Deuteronomy 33 Commentary

Deuteronomy 33 Commentary: Moses blesses Israel.

Moses has been a father to Israel for the past 40 years. Like the patriarchs, Moses must do one more task before his death: he has to bless Israel. Chapter 33 is similar to Genesis 49 as both contain patriarchal blessings. While Chapter 49 is raw and unpolished in vision, chapter 33 is prayerfully anticipatory in nature. It reflects the heart of the intercessor. It, therefore, reflects the heart of Jesus in its approach. The blessing for Reuben exemplifies the conciliatory and prayerful attitude of Deuteronomy chapter 33.

“Let Reuben live and not die, nor his people be few.” Deuteronomy 33 verse 6.

The background to this blessing is that Reuben is destined for turbulence and failure. His life didn’t deserve anything different. Yet Moses pronounces a blessing reminiscent of Calvary grace. It reflected the heart of God fully exemplified by the cross.

Up next is Judah. Could this be a recognition that Judah had taken over the role of leadership from Reuben? Judah required help in his role as the leader and defender of the peoples of God. Judah’s enemies are the enemies of God. The blessing is key to the conquest of Canaan.

Levi came up next. The Thummim and Urim were objects of decision-making in the presence of God. The chief priest carried them in the pouch as part of his vestments. This was Levi’s role. He needed skills for it and so the blessing reflects the blessing of sanctuary ministry.

Benjamin is secure in the presence of the LORD. The mention of rest in the LORD for Benjamin envisioned the rest that the many Sabbaths represented. The call to all to find rest in the LORD Jesus in Matthew 11 verse 28 can be connected here.

The blessing of Joseph is a special, loving, and softer gift from the LORD. It pictures Israel in a godly relationship with her God, with the background of Edenic serenity and fruitfulness. The result is fruitfulness and prosperity. The LORD provides bountifully for Joseph. The happy God doesn’t hold back: precious dew from heaven above and with the deep waters that lie below; with the best the sun brings forth and the finest the moon can yield; with the choicest gifts of the ancient mountains and the fruitfulness of the everlasting hills; with the best gifts of the earth and its fullness; and the favor of him who dwelt in the burning bush. Let all these rest on the head of Joseph. Indeed let these rest on the saint today.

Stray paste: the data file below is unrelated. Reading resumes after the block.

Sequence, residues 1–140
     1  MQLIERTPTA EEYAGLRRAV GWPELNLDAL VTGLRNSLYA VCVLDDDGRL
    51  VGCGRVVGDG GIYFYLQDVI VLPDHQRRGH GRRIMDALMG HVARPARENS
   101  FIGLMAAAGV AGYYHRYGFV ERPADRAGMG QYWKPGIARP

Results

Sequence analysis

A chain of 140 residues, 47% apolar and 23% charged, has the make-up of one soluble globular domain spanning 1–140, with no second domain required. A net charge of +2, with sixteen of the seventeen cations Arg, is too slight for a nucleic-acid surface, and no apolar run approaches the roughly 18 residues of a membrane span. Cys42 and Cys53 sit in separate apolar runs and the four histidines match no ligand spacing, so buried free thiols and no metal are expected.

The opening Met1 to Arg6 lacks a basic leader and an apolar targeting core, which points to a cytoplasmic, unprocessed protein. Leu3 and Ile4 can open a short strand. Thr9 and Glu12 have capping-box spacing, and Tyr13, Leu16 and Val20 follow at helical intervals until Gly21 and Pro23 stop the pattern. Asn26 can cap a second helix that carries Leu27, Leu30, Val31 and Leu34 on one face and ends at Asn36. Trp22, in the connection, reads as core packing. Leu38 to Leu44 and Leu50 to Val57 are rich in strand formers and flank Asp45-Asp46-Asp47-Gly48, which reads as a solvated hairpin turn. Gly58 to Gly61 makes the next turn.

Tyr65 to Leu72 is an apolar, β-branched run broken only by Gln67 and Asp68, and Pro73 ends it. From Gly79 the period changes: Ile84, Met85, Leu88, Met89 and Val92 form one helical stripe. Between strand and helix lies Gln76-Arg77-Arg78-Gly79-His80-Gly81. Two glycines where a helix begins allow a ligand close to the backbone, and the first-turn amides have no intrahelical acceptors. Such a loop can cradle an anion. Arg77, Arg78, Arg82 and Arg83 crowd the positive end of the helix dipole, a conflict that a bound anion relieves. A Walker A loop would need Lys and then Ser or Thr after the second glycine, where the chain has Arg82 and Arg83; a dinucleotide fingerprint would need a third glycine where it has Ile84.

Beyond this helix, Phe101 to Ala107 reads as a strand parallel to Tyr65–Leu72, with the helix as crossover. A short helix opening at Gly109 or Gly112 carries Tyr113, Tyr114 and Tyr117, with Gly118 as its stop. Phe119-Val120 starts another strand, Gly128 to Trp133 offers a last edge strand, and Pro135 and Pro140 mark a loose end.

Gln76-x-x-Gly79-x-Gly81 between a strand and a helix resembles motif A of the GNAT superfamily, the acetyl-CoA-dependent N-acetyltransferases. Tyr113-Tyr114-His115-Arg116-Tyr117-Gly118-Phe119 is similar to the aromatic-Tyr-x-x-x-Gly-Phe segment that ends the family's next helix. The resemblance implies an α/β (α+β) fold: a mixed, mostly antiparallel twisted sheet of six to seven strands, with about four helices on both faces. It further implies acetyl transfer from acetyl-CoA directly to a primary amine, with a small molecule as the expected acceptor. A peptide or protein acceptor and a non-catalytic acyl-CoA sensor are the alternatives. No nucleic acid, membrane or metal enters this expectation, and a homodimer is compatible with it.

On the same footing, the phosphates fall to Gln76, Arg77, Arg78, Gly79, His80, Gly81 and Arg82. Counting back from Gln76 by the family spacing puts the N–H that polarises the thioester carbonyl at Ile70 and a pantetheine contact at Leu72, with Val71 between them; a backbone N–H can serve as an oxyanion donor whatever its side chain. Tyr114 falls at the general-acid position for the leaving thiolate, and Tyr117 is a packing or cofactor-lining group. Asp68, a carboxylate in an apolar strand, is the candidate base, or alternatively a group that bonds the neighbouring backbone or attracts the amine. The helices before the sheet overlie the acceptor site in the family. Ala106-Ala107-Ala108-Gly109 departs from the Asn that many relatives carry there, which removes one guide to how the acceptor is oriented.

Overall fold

With the blessing of Joseph, we see the LORD’S generosity in unbelievably greater measure. The created world is commanded to work or provide or behave or respond in kindness to Joseph. It is about the favor of Him who dwelt in the burning bush. The elements of nature must align to deliver the best for the beloved of Jacob. It takes you millions of miles away into the Garden of peace and perfection where the first couple trod. The LORD is reminiscing the good old days here.

The blessing for the one Jacob loved reminds us, and indeed reflects the blessing of the LORD on the saint who is loved by the LORD. You may want to think about John 3 verse 16 and the LORD’S love which saw no boundaries at the cross. Yes, we can have it!

Zebulun represented the commercial machinery of Israel. Issachar pictures a settled Israel in worship. A prosperous but complacent Issachar (Israel) became enslaved in Egypt. Moses’ blessing sees Issachar settled and in worship. It’s a blessing to express the will of God over Issachar (Israel).

Gad’s blessing is about enlargement. It represented both the economic increase and fruitfulness of the womb. You only think of changing homes when your family increases, say from one child to 4 children. At this point, more space is required.

Dan’s blessing is short but powerful. The picture of a lion’s cub portrays royalty in its beauty. There is also a sense of safety and security as the Lion of the tribe of Judah circles around.

Naphtali and Asher project the LORD’S favor over Israel. How Jacob needs it! Favor is never earned. Israel hasn’t deserved it but the LORD has been faithful and gracious.

11 patriarchs and 11 various and multiple blessings for each of them should be enough, but Moses isn’t done yet.

“There is no one like the God of Jeshurun, who rides across the heavens to help you and on the clouds in his majesty.  The eternal God is your refuge, and underneath are the everlasting arms. He will drive out your enemies before you, saying, ‘Destroy them!’ Deuteronomy 33 verses 26 to 27.

What a conclusion to the chapter and indeed the entire book!

Chapter 33 is too nice! You always have a faint feeling like we are missing something. Could it be that the complete omission of Simeon is that missing part? Is the Bible telling us that while the desired ending is the LORD’S blessing on humanity, there still remains the justice portion of the LORD’S nature?

The omission of Simeon is revealing two destinies. One comes with blessings while the other speaks of complete exclusion from the LORD’S community. The end times will see this picture in full colors as one side enjoys the fully unpacked glories of creation, while the other will experience total exclusion. The symbolism is truly powerful.

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Published by Joseph Malekani

Joseph Malekani is a born-again Christian with a strong PAOG/Baptist background. He is heavily involved in student ministry with ZAFES – an IFES movement with focus on student ministry in Zambia. He is married to Audrey and they have two lovely children.

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